Category Archives: New York State

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Wasa with Zucchini, Cherry Tomato, and Goat Cheese

Ingredients

¼ cup cherry or grape tomatoes, sliced
1 small zucchini, sliced thin lengthwise
2 tablespoons goat cheese
2 pieces WASA Hearty Rye (may substitute any WASA variety)

Directions

Sauté zucchini in a non-stick skillet until soft and golden in color.
Spread 1 tablespoon goat cheese on each crispbread.
Top with sliced tomatoes and layer zucchini on top.

TIP: Substitute eggplant or yellow squash for zucchini.

Prep time: 5 minutes

Serves 1

Nutritional Value Per Serving

Calories 205
Total Fat 6 g
Saturated Fat 4 g
Cholesterol 15 mg
Sodium 260 mg
Total Carbohydrate 34 g
Dietary Fiber 7 g
Protein 9 g
Calcium 94 mg

Yoga Class in the Car

On my way to yoga class, I’m not sure which way to go. The road splits, and my instinct says left but Mapquest says right. I ignore my gut and follow the computer’s instructions.

Oops.

Turing around in the greater Washington DC area is nearly impossible. One road leads to a twisted mass of other roads and within 10 minutes I’ve crossed three borders, hitting Maryland, Washington DC, and Virginia. There are cars everywhere. Jammed along the freeway. Weaving in front of me as they merge. And my mind races with them.

In my head I’m caught up in the emotional turmoil of living in a new city. I want to move back to our original home in California where I know the streets like the back of my hand and can walk to yoga class. The clock is inching forward. By the time I figure out where I am it’s too late. I’ve missed the class.

I’m waiting at a stop sign when a woman in a minivan bumps the rear of my car.

Argh!” I yell (okay technically I yell a cuss word, but this is a G-rated blog).

As I pull over into a parking lot my instinct says stop and breathe. This time I listen. Just because I’m not in yoga class doesn’t mean I can’t practice yoga. I have my body, mind, and soul right here in the car with me — I don’t need a mat, a blanket, or the wood floor of a studio.

In inhale deeply and lengthen my spine. I meditate on my breath and seek inner stillness. By the time I step out of the car I feel a hundred times better. The woman in the minivan is apologetic and wants to make sure I’m okay and my car’s okay.

There is only a small scrape on the back bumper.

“Don’t worry about it,” I say. “This car is 10 years old.”

We wave goodbye to each other and drive our separate ways. On the way home I continue to practice my breathing. My blue mat is still rolled up on the passenger’s seat. And the roads are still packed with cars and noisy construction and confusing twisting turns. But inside, I’m slowly finding silence.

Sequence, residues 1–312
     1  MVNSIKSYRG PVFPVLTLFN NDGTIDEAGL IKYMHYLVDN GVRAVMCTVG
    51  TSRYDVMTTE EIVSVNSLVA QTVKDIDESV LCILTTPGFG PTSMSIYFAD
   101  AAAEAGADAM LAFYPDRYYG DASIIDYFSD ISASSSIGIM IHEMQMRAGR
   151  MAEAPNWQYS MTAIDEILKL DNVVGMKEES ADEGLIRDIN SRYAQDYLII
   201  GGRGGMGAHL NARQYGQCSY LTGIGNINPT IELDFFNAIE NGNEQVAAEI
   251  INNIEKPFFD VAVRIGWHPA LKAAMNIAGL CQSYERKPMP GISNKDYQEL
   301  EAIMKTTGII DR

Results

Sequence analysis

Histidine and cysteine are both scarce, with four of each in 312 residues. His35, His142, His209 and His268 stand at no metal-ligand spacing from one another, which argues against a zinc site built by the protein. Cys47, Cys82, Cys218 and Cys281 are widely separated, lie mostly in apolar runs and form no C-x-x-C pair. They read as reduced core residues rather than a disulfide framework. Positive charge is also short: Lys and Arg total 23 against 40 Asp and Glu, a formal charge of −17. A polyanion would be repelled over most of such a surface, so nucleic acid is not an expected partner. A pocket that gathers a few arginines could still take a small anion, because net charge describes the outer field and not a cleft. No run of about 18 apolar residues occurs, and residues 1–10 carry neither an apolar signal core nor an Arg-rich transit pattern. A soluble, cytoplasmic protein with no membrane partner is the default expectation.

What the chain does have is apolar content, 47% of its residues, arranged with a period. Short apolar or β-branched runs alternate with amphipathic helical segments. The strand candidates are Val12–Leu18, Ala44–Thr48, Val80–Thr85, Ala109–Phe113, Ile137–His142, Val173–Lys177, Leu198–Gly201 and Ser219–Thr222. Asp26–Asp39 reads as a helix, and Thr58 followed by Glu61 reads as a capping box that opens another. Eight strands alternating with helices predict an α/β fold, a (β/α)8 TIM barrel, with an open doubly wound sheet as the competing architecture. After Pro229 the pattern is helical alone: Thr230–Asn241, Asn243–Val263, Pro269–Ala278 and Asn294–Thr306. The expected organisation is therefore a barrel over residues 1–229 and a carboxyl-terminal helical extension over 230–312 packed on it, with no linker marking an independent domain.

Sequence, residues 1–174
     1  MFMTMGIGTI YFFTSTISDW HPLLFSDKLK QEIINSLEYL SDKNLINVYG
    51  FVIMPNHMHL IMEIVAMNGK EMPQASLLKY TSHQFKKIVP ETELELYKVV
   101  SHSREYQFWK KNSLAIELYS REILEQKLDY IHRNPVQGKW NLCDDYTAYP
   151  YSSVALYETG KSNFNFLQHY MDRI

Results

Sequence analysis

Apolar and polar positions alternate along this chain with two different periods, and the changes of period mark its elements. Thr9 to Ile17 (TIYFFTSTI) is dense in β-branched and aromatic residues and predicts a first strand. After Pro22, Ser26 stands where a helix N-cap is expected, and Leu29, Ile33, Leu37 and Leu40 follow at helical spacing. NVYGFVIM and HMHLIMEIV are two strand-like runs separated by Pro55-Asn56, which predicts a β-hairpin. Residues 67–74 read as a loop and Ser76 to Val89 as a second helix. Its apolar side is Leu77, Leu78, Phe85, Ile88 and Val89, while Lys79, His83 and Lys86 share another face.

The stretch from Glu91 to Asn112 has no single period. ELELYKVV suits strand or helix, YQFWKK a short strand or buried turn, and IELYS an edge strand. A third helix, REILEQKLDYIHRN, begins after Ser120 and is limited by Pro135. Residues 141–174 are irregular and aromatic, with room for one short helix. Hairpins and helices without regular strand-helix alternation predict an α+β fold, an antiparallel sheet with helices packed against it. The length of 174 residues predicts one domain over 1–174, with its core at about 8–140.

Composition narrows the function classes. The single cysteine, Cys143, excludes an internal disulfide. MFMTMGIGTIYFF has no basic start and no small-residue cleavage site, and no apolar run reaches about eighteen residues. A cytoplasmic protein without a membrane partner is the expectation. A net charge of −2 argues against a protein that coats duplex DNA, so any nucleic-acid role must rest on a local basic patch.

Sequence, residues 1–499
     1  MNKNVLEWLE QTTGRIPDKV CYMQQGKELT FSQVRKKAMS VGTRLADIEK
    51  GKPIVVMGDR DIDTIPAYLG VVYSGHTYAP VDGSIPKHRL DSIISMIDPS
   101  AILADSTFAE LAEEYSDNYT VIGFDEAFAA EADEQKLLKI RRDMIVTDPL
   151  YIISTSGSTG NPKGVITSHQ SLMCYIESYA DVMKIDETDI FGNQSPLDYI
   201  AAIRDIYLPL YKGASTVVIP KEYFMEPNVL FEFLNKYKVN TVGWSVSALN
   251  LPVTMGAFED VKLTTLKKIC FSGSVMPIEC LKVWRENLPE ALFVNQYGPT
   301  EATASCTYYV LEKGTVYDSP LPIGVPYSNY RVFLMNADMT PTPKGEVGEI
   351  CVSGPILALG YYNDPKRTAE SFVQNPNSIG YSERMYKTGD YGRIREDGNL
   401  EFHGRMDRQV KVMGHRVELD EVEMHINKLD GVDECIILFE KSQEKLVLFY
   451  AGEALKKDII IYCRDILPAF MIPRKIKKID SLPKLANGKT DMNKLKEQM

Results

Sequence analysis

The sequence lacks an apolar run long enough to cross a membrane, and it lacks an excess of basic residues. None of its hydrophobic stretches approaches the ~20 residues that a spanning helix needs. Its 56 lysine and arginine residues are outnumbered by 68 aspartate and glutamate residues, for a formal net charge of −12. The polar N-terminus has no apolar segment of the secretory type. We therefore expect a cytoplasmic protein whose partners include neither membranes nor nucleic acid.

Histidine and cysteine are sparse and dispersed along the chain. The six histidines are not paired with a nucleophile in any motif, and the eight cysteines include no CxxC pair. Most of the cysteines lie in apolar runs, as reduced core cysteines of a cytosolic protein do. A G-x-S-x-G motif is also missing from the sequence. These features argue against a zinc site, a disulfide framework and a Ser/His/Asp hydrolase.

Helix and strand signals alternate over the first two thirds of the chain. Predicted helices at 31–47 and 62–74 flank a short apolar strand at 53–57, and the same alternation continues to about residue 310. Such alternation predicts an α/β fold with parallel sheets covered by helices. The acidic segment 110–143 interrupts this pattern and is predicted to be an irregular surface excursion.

Wasa with Yogurt, Berries, and Pecans

Ingredients

¼ cup raspberries
¼ cup blueberries
¼ cup blackberries
1/3 cup pecans, slightly chopped
1/3 cup low fat vanilla or plain yogurt
3 pieces WASA Multigrain Crispbread (may substitute other WASA varieties)
Fresh mint leaves to garnish

Directions

Spread yogurt on WASA Crispbread. Top with equal amounts of berries and pecans.
Garnish with fresh mint if desired.

TIP: Store remaining ingredients in refrigerator for 4-5 days.
Substitute your favorite berries and nuts or your favorite yogurt.

Prep time: 10 minutes

Serves 1

Nutritional Value Per Serving

Calories 181
Total Fat 10 g
Saturated Fat 1 g
Cholesterol 1 mg
Sodium 144 mg
Total Carbohydrate 20 g
Dietary Fiber 4 g
Protein 5 g
Calcium 8% of daily value

Mix it Up

Staying at our retreat home in the mountains of Colorado has me thinking about water. I constantly see large vehicles with oversized plastic containers strapped into their truck beds, full of water. Water is hauled all over the place. It’s dry out here.

I’ve actually become a bit paranoid about water. What is the healthiest way to drink it? Should I gulp tap water and risk consuming substances like chlorine and fluoride, not to mention whatever else the water might be picking up as it flows through the pipes? Or should I buy water in a bottle and risk consuming leeched chemicals from the plastic, not to mention hurting the environment (plastic water bottles take 1000 years to biodegrade)? And if I do opt for store bought water, what should I purchase? Spring? Distilled? Glacial?

The more I read about water, the more confusing the facts. I find this to be the case with fish too (Eat it – it’s good for you! Don’t eat it – tuna contains mercury, fish handlers get infections when capturing rockfish, etc.!)

Here’s my current theory: instead of devoting myself to one type of water (tap, spring, well) I mix it up. That way, I figure I’ll get a variety of chemicals but (hopefully) in miniscule amounts. I take the same approach with fish. I’ll eat tuna on occasion, but not too often. Same with salmon and shrimp and sole. So that’s my theory and I’m stickin’ to it.  Š

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